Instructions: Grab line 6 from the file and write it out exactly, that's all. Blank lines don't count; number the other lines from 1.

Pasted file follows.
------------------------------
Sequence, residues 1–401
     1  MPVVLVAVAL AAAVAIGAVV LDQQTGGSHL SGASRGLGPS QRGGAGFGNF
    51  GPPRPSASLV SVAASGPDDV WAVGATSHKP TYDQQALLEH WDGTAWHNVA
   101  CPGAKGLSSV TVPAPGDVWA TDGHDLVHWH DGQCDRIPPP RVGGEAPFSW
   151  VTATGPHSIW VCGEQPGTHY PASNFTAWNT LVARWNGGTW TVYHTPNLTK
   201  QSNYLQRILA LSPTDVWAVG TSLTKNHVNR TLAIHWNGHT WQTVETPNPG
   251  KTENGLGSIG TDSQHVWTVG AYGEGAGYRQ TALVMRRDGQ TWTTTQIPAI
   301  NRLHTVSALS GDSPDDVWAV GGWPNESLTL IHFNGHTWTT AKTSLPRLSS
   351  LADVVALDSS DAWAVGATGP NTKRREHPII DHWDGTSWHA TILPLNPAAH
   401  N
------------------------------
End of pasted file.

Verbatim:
   201  QSNYLQRILA LSPTDVWAVG TSLTKNHVNR TLAIHWNGHT WQTVETPNPG